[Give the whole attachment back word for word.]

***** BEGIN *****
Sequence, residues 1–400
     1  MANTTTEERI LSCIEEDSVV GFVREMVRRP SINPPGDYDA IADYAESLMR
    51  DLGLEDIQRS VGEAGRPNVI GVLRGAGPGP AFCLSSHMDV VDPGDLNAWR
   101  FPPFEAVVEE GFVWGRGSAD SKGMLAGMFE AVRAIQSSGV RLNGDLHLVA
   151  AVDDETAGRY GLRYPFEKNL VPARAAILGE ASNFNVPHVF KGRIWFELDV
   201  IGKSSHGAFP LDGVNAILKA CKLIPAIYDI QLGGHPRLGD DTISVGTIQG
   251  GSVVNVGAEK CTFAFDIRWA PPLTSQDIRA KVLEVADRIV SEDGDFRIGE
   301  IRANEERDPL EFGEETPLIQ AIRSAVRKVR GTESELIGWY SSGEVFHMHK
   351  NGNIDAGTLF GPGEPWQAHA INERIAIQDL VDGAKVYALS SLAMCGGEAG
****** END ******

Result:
Sequence, residues 1–400
     1  MANTTTEERI LSCIEEDSVV GFVREMVRRP SINPPGDYDA IADYAESLMR
    51  DLGLEDIQRS VGEAGRPNVI GVLRGAGPGP AFCLSSHMDV VDPGDLNAWR
   101  FPPFEAVVEE GFVWGRGSAD SKGMLAGMFE AVRAIQSSGV RLNGDLHLVA
   151  AVDDETAGRY GLRYPFEKNL VPARAAILGE ASNFNVPHVF KGRIWFELDV
   201  IGKSSHGAFP LDGVNAILKA CKLIPAIYDI QLGGHPRLGD DTISVGTIQG
   251  GSVVNVGAEK CTFAFDIRWA PPLTSQDIRA KVLEVADRIV SEDGDFRIGE
   301  IRANEERDPL EFGEETPLIQ AIRSAVRKVR GTESELIGWY SSGEVFHMHK
   351  NGNIDAGTLF GPGEPWQAHA INERIAIQDL VDGAKVYALS SLAMCGGEAG